Democrats are committed to passing legislation this year to curb prescription drug prices, but they're still disagreeing on how to cut costs for patients and taxpayers while preserving profits that lure investors to back potentially promising treatments.
It boils down to finding a balance: How big a stick should Medicare have to negotiate prices with pharmaceutical companies?
With hundreds of billions of dollars in potential savings, the stakes are enormous. Medicare spends upward of $200 billion a year on prescription drugs, a category that keeps growing as costly new drugs enter the market. An Alzheimer's medication approved this past week comes with a price of $56,000 a year, for example, and co-payments could skyrocket for patients who use it.
A successful bill would advance a key plank of President Joe Biden's domestic agenda even as Democrats struggle to make progress on other fronts. Allowing Medicare to negotiate drug prices consistently wins strong public support in opinion polls.
In the House, Speaker Nancy Pelosi (D-Calif.) is steering legislation that imposes a steep tax on drugmakers that refuse to deal with Medicare, while using an average of prices in other economically advanced countries as a reference point for fair rates here. Her bill would limit price increases and allow private health plans to receive Medicare's negotiated rates.
In the Senate, Finance Committee Chairman Ron Wyden (D-Ore.) is also working to craft legislation. His starting point is a less ambitious bipartisan bill from a previous Congress. It would have limited price increases for drugs already on the market, but not initial prices. It would have capped Medicare recipients' out-of-pocket costs for pharmacy drugs, which is in the Pelosi bill.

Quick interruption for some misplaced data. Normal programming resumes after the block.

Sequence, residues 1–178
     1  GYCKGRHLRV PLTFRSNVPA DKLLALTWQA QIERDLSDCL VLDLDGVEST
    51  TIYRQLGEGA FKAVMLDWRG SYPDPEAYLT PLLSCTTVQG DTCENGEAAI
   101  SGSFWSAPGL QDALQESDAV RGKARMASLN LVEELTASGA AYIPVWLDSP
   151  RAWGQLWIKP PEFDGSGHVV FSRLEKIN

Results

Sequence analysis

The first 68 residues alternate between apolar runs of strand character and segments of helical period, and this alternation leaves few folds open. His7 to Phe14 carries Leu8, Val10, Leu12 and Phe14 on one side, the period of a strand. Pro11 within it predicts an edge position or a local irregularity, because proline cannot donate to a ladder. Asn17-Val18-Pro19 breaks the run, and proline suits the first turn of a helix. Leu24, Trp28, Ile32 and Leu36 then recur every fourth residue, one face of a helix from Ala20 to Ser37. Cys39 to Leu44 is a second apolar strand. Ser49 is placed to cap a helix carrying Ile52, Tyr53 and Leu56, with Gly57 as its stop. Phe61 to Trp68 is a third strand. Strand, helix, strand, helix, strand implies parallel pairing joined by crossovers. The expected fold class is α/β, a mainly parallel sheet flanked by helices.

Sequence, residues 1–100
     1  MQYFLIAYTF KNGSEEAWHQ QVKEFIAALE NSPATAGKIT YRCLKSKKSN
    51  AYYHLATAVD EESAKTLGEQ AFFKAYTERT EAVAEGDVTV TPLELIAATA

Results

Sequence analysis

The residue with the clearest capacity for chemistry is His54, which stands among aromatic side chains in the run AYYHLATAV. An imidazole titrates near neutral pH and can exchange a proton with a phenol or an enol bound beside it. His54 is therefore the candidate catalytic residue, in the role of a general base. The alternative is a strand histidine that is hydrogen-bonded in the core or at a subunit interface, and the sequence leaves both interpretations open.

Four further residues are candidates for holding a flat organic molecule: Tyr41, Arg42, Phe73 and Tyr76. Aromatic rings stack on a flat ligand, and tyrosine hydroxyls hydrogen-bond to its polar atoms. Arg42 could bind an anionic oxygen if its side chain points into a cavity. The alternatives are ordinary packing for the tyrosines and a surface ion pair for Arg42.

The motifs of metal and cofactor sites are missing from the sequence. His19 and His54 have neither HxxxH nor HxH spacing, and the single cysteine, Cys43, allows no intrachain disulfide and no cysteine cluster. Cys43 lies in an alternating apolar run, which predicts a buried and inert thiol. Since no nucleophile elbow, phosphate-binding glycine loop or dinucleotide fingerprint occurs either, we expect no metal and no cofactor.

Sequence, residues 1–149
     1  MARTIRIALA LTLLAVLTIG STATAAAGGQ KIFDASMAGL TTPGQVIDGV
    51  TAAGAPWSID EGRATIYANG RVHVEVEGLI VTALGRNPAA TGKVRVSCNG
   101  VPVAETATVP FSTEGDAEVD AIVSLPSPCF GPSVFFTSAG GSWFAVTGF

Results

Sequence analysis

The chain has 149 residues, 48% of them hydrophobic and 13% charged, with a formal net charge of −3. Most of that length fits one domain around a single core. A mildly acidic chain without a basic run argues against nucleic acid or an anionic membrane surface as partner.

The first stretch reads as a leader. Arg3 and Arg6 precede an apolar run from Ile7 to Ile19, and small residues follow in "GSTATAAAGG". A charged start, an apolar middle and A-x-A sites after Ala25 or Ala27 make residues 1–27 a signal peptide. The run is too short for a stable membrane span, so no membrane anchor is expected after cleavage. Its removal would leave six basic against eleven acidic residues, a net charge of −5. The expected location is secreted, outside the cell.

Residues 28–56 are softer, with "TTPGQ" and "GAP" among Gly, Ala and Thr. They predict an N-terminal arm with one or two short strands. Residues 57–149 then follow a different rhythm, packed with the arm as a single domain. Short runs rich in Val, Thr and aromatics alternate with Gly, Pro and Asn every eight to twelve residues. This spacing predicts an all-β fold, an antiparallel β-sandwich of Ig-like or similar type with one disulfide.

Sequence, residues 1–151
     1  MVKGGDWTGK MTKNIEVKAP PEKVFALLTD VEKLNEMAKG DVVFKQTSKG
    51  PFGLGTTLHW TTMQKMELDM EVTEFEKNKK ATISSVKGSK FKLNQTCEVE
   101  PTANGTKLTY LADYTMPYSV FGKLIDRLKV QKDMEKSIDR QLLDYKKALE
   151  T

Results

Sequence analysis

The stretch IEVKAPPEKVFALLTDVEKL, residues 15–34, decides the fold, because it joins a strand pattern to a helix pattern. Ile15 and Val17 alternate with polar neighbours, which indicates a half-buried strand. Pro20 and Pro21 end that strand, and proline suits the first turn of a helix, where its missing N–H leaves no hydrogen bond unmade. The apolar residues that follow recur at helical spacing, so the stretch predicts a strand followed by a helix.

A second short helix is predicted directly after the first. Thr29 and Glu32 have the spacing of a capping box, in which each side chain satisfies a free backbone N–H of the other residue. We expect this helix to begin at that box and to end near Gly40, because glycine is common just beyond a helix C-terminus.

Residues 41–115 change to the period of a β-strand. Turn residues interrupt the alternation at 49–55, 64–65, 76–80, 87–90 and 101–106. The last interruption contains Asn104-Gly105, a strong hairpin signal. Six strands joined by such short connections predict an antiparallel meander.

Wyden said he personally is convinced that "it's long past time to give Medicare the authority to negotiate better prices for prescription drugs." But cajoling enough votes in the Senate is another matter. It's unclear whether Wyden can even count on all the Democrats in the divided chamber or whether any Republicans would sign on.
Progressives such as Sen. Bernie Sanders (I-Vt.) want to use Medicare's savings to create new benefits for dental, vision and hearing coverage. That would represent an historic expansion of a program that's under a lengthening financial shadow, its giant inpatient trust fund projected to be in the red in 2026.
Democrats are talking privately among themselves and organizing coalitions around different approaches. In public, they still sound like they can overcome their differences.
"Democrats are going to pass Medicare prescription drug reform and I'm going to be part of it," Rep. Jake Auchincloss (D-Mass.) said. The first-term lawmaker has raised concerns that Pelosi's approach is not a negotiation but a price control system. His voice matters because Auchincloss is helping lead a group of like-minded Democrats, and Pelosi can't afford to lose many votes.